For now, I want to focus on how to deal with and manage the discomfort.
*And this is entirely from my 26 year old, almost 7 years in remission, perspective.*

Just like everyone will have various discomforts and sticking points at different stages, the ways to manage these will vary too. What works for one person could potentially be triggering for another. Recovery as a whole is a giant grey area and as one progresses further on their path, the grey becomes a little less murky and hopefully reaches a point where you understand yourself pretty dang well as a human being.

The early stages are HARD because the primary coping mechanism is “gone”. It’s getting your feet wet again. Learning what is helpful and what is very much not helpful. During this stage, things can be very uncomfortable… kind of like you’re trying to run in deep thick mud. I’ve discussed this previously but it’s relevant; for about a year after being weight restored I dealt with substantial bloating. This was incredibly challenging because I already felt out of element and then I also needed to continue to fight any ED thoughts that came up and keep taking care of my nutrition/care needs to heal. Which was pretty much the last thing I wanted to do. Honestly, beyond grateful to have had a rock solid support system at this time point.

That’s an example of “early stage” from my story.

There’s also re-establishing some form of routine. Integrating recovery practices into daily life. Figuring out boundaries both for yourself and for your relationships. Learning how to express your needs vs. shoving them down until you spontaneously combust. “Early stage” can have a strong emphasis on risk management – the risk being lapse or relapse. Honestly, in my opinion, I think doing what YOU need to do for YOU in this stage to NOT fall back into the rabbit hole is key. That said, relapse does NOT mean you’ve failed. At all. Ever.

I think, to a degree, all of the discomforts of the earlier stages can set someone up to effectively manage future hurdles and speed bumps in a way that feels safe (still uncomfortable, but safe) and supportive of ones’ process and recovery. A lot of the work is really in learning what were the initial reasons (even if not all of them) of the ED’s development. From here, doing the work around this; because it never really was about the maladaptive behaviors in the first place.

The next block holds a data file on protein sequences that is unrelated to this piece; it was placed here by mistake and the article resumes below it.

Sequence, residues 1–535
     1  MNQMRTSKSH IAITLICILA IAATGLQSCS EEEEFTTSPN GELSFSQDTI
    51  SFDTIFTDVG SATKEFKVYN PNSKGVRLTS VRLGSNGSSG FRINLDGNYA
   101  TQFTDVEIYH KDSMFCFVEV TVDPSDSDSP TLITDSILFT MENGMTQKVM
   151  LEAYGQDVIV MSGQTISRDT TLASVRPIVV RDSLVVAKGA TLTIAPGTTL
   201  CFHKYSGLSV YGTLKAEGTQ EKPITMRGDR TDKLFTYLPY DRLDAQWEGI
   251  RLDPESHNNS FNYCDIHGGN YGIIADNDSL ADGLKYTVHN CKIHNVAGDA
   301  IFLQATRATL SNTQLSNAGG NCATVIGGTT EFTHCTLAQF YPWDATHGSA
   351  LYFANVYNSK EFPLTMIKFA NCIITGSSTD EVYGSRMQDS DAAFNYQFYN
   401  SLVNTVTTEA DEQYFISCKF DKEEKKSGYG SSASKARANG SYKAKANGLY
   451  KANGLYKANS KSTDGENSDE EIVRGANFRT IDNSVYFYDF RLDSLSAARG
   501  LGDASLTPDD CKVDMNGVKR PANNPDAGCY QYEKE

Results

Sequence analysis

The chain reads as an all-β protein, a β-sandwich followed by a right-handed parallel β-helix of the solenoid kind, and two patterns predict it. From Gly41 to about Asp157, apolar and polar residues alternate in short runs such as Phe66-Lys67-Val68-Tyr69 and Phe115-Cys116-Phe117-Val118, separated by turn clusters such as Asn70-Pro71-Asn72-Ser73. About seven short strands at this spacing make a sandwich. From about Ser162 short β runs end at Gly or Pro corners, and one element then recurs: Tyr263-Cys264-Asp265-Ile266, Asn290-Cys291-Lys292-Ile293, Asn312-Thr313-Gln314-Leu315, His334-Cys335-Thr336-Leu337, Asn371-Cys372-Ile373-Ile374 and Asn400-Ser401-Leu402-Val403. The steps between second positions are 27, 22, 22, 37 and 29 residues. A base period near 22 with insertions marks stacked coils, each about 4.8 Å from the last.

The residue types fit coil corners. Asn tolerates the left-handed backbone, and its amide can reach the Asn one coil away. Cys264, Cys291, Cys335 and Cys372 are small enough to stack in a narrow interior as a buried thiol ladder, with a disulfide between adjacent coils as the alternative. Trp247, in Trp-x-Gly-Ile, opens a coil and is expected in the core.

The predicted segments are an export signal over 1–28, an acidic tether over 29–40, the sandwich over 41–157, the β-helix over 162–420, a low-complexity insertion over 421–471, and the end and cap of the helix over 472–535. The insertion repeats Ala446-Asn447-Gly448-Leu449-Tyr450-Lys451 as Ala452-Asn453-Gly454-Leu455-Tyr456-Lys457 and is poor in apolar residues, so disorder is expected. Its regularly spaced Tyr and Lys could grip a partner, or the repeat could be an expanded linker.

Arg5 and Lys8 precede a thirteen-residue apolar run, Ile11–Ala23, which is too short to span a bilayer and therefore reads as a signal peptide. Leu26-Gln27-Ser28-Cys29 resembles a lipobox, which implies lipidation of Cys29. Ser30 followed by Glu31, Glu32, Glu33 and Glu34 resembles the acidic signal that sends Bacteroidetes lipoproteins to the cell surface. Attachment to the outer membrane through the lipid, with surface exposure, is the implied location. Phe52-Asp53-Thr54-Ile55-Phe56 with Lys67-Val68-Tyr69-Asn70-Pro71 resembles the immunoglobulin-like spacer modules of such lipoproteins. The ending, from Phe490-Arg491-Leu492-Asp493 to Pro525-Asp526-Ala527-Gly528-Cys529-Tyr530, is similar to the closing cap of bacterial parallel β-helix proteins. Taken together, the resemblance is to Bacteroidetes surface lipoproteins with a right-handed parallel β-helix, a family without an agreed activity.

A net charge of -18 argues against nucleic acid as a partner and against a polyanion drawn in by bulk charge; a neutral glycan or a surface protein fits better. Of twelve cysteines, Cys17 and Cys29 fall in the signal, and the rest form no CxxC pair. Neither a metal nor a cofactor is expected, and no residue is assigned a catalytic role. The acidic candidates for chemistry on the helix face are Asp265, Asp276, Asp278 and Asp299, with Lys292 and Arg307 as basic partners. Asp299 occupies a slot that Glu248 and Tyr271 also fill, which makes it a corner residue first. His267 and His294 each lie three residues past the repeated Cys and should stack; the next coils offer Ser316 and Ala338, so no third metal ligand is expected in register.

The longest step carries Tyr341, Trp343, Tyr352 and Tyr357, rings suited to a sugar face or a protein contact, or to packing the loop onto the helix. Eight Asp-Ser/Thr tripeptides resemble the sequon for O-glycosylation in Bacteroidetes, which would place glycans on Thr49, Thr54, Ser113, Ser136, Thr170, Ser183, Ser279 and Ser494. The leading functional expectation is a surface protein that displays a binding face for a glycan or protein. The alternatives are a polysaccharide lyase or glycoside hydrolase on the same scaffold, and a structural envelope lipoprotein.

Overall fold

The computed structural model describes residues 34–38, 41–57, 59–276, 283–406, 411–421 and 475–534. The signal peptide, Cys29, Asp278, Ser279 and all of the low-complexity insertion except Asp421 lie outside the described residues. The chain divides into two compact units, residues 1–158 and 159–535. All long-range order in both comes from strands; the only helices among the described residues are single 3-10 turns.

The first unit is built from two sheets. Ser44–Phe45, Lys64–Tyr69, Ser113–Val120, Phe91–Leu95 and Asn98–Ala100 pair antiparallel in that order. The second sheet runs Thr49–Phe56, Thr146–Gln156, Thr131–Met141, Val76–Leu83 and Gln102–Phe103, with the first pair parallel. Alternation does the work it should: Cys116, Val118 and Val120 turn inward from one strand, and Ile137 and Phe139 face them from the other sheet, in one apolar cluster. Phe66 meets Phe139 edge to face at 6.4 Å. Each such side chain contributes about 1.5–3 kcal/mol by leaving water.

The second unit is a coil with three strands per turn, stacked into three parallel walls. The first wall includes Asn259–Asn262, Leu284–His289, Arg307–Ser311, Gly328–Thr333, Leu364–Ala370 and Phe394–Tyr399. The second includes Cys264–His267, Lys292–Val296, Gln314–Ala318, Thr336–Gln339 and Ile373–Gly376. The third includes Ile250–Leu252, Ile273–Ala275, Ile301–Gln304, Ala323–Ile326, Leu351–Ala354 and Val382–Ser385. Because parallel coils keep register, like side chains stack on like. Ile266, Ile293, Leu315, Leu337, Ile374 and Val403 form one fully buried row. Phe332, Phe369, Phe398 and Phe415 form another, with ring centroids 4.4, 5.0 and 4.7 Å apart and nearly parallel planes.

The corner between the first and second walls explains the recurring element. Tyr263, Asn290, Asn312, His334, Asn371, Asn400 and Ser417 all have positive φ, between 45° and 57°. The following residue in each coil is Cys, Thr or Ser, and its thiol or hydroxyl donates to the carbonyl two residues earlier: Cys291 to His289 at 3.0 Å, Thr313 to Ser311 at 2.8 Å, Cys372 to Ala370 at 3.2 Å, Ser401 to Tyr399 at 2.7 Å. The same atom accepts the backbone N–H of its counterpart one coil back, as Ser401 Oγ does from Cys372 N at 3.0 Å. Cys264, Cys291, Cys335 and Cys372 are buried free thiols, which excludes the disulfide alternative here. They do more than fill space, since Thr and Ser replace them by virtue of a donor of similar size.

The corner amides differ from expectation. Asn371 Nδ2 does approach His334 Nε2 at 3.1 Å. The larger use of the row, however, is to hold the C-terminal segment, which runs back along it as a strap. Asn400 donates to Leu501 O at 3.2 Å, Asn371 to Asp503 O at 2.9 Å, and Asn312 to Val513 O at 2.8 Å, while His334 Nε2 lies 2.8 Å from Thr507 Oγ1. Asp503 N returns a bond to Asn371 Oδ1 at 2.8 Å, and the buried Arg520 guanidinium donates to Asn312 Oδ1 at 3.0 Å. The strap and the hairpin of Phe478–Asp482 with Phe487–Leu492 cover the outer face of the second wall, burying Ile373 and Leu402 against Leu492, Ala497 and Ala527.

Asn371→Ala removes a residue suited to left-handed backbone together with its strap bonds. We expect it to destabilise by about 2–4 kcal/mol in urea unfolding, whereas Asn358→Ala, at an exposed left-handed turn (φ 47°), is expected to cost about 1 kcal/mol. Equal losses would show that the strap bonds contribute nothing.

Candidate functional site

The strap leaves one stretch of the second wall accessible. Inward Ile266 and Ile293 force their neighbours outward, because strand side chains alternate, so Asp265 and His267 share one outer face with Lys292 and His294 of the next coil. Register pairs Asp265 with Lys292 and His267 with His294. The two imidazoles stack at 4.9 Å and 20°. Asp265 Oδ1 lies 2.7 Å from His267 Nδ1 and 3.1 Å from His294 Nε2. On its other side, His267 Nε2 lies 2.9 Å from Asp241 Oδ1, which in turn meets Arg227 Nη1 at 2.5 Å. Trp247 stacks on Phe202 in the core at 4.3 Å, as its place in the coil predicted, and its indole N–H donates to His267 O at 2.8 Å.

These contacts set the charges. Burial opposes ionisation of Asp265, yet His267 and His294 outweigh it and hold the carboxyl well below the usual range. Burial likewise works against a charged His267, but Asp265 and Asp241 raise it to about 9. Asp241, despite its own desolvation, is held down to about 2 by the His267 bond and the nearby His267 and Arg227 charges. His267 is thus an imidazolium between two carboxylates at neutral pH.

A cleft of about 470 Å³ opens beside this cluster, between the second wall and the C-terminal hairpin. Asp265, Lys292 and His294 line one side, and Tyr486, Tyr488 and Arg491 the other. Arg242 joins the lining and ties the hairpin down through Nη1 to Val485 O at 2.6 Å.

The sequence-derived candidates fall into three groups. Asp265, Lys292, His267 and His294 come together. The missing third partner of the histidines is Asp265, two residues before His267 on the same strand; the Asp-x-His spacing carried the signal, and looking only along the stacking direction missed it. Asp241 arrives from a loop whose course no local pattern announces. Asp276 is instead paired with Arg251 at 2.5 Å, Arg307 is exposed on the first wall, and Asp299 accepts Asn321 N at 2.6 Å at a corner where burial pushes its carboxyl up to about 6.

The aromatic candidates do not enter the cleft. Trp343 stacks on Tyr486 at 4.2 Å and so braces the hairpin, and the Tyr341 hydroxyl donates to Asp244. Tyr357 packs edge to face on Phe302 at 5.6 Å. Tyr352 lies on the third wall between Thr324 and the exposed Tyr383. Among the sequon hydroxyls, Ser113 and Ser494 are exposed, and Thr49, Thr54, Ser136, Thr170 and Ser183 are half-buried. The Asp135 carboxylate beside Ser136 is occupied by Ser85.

Being gentle when things pop up, because they will. Heck, as I was writing this post memories popped up from the intense emotional pain I experienced in the early stages of development of my ED. And I just sat with them, gave them space, and was like this is apparently important to include in this blog. And so I share, and I’m gentle with what comes up.

Another thing I’ve found helpful is breaking down why something is uncomfortable. There are obviously circumstances and situations that are deeply painful or traumatic, these are a whole other thing. But the things that can be broken down quickly, in the moment, like comments people make/feeling bloated/seeing diet ads/intrusive thoughts/clothes fitting different/situational anxiety – break it down.
Why is it prompting discomfort? Where’s the root of that? Is it fear? Shame? Guilt? A brain pathway that needs some “re-wiring”? What is it. Get curious and either rationalize it, re-context it, or change the story around it you currently have in your brain space.

For the bigger discomforts such as major life transitions, I’ll say what has worked and continues to work for me. I recently wrote a whole post titled “managing continued remission”, where I talk about the strategies I find helpful. Read that if you wish, but I’ll make a cliff notes version here:

– Grace
– Love and appreciation for everything I’ve been through, even the dark stuff, because I have gained A LOT of knowledge about my inner world and can now use this to be a better helper/healer/empath/person
– Self-care pyramid/hierarchy of needs – making sure the basics are being covered as much as possible
– Therapy as needed. I think having a therapist during transitions/major life changes is helpful. Sometimes in later recovery stages the support system isn’t as supportive because well, you don’t need it to be, but during major transitions you might need that extra support
– Continuously checking-in with where I’m at, how I’m showing up, and being very honest
– Acceptance that whatever is going on is another piece of the puzzle

On the hard days remember:
The uncomfortable moments will pass.
You will survive this. Whatever the ‘this’ is.
You are strong. Resilient. Capable.
You have value.

One of the biggest lessons I’ve learned throughout all of this, from age 11-26, is that:
I wouldn’t be who I am today without the deep, ugly, icky, terrifying, uncomfortable. And so I give it respect. I give it space, not power. And keep going.

“Some people survive and talk about it. Some people survive and go silent. Some people survive and create. Everyone deals with unimaginable pain in their own way, and everyone is entitled to that, without judgement. So the next time you look at someone’s life covetously, remember…you may not want to endure what they are enduring right now, at this moment, whilst they sit so quietly before you, looking like a calm ocean on a sunny day. Remember how vast the ocean’s boundaries are. Whilst somewhere the water is calm, in another place in the very same ocean, there is a colossal storm.” Nikita Gill